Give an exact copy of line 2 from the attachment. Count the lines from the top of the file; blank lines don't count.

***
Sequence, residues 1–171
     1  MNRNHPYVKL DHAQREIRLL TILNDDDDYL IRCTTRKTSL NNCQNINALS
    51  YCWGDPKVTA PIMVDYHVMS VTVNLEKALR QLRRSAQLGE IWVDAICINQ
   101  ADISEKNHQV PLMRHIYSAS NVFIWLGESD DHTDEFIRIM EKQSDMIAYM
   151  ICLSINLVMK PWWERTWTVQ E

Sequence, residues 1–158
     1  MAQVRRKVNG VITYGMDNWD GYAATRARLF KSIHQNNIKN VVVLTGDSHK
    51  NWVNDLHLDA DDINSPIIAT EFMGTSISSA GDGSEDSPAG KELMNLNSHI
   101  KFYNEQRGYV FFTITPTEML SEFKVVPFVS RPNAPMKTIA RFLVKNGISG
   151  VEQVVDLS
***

     1  MNRNHPYVKL DHAQREIRLL TILNDDDDYL IRCTTRKTSL NNCQNINALS